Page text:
PodKast w/Gary Oldman: 'Tinker Tailor Soldier Spy,' 'Batman,' 'JFK,' and baseball

February, 8, 2012
2/08/12
10:26
AM PT
Kamenetzky By Andy Kamenetzky
ESPNLosAngeles.com
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A stunning 1986 performance as Sid Vicious announced a largely unknown Gary Oldman as an actor to watch. He made good on that promise with indelible, often volcanic work in movies like "Prick up your Ears," "State of Grace," "JFK," "Dracula," "True Romance," "The Professional," "Immortal Beloved" and "The Contender." In recent years, he became part of the "Harry Potter" and "Batman" series, reintroducing himself to audiences in sympathetic, likable parts.

In 2011, Oldman solidified his status of one of Hollywood's premiere chameleons with his portrayal of George Smiley in "Tinker Tailor Soldier Spy." Reprising a role made famous by Sir Alec Guinness in a 1979 BBC production of the spy novel, Oldman remains understated and quiet, but powerful nonetheless. The performance earned him a well-deserved Academy Award nomination.

We were thrilled to get Oldman in studio for nearly an hour to talk about "TTSS," his career and even a little sports. THE ENTIRE SHOW CAN BE HEARD HERE , and a breakdown is below with links to specific sections:

- (4:27): Oldman explains his initial terror at following in Guinness' footsteps for "TTSS." A week before shooting began, he debated backing out, but ultimately geared himself up to meet the challenge.

Win McNamee/Getty Images
Oldman's "Tinker Tailor Soldier Spy" performance is a remarkable achievement.



"I viewed it as a classical role that had been played before," Oldman said. "I imagined what it would be like to play Lear or Hamlet and then be measured against all those wonderful actors that had played the role before and that the comparisons would be inevitable... I sort of played a trick on my head. It's all in my head. Yes, Guinness gave this incredible performance. But the dragon, like all dragons, they're in your head and you have to slay them. So I kind of played a trick on myself to get me to walk through the fire."

- (5:30): Oldman explains the differences between playing a iconic character and a real-life icon like Sid Vicious, Beethoven or Joe Orton.

- (14:28): Oldman's "TTSS" role is the polar opposite of what he's spent the majority of a career playing. And that's not by accident. Over the last several years, Oldman's moved away from the eccentric, over-the-top parts that once defined him. In part, because he was concerned about increasingly limited options as a typecast actor. But also because he grew to find these characters dissatisfying on an artistic level, which killed his passion for the craft.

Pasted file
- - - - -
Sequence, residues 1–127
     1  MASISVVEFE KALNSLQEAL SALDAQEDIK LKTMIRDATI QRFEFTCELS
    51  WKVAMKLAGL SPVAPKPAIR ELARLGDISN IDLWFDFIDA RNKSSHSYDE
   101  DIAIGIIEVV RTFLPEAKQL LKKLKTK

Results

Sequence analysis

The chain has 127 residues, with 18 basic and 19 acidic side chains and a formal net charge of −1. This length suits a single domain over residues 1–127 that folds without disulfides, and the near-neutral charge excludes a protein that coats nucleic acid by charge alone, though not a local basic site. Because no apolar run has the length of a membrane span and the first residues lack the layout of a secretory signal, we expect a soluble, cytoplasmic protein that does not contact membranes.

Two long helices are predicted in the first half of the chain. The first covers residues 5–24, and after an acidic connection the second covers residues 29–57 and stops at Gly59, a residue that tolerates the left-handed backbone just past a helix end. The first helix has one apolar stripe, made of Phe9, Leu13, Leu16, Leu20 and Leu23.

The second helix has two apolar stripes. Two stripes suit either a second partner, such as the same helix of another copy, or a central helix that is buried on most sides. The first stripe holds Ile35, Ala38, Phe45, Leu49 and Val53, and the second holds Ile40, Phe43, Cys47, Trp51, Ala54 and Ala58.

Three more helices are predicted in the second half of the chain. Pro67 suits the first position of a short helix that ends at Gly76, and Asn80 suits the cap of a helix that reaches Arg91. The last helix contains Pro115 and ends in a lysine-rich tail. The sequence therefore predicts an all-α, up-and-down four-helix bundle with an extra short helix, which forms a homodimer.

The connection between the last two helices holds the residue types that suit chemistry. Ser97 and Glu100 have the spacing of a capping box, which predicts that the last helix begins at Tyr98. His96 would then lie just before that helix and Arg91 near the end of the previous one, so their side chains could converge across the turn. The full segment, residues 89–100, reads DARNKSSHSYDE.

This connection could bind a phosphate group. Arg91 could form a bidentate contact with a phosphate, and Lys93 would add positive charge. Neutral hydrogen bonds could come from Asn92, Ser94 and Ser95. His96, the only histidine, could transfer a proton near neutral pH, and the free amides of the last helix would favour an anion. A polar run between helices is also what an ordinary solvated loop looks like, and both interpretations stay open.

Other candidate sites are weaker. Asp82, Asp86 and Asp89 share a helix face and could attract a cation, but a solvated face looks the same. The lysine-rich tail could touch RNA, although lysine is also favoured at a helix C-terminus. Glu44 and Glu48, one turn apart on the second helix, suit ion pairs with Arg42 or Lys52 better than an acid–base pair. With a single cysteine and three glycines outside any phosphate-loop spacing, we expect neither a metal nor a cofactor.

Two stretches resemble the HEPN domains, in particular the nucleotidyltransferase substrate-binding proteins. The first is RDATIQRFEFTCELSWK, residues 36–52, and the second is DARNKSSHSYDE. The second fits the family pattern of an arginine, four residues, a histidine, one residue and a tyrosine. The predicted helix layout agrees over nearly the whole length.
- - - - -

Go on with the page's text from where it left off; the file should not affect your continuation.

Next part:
"I was bored," Oldman says. "I was just going through the motions and it just didn't interest me and I lost my love for it. I sort of lost my way a little. I lost my love for acting and did not look forward to it and that was the rut I was in. You deal with sports. There are great players and they're just pitching well or they're not hitting well. ... I found it quite debilitating and boring. I started to sort of hate the job. And I've never really felt [that]. I feel very privileged and very lucky that I do what I do, and it's never, ever really felt like I go into work. Let's face it. And so I went through a patch there."

-(21:05): Like many Brits, Oldman grew up obsessed with the sport known stateside as "soccer." As a youngster, he even drew the interest of a professional team who found him talented enough to perhaps make a career of it. Unfortunately, a growth spurt ruined his blend of speed and balance. (He can still juggle with the best of them.) In the meantime, living in America has created a serious love of baseball.

Jennifer Stewart/US Presswire
Matt Kemp has earned the respect of Gary Oldman.



"I think the game of baseball is sort of perfect," Oldman said. "There's just something about it. I think it is miraculous that an individual can hit that ball coming at them at 97 miles an hour, or 102 miles an hour. That takes a special skill. I think when you see these players and they're getting up there, they've got home runs and they're now in the hundreds, that is herculean to me, because I've played baseball. I go to the batting cage with my kids. I mean 70 miles an hour, it literally is, you blink and you miss it. And the fact that that ball can travel that distance, which is as fast as you can blink, and they get time to actually swing and hit it. I'm just, I'm in awe of that."

In a 30+ year career, Oldman's never made a sports movie or a Western, and would love to add both to his filmography. With that in mind, we attempted to create a vehicle combining both genres. I don't picture a studio green-lighting these pitches anytime soon.

- (29:27): Despite being considered among the best actors of his generation by many critics and peers, this is actually Oldman's first Oscar nomination. He shares what the nod (which he deems "the big one") means to him, and what it would feel like to actually win. Being selected took Oldman by surprise to begin with, and he's determined to enjoy the ride, regardless of whether his name gets called.

- (35:30): Oldman may be the only Hollywood actor capable of going dialect-to-dialect with Meryl Streep. He's done everything from New York to Russian to Transylvanian, but as he explains, the hardest was playing Lee Harvey Oswald in "JFK." The man's voice -- a garble of New Orleans Bayou, Russian and peculiar cadence -- was just plain weird. The role required tons of work in general, but his effort reflects the film's meticulous attention to detail and faithful use of locations.

- (45:00): Oldman discusses the ultra-secrecy surrounding the "Batman" scripts. He also shares a hilarious story about Oliver Stone passing a fake script to Dallas city officials in order to film at Dealey Plaza.

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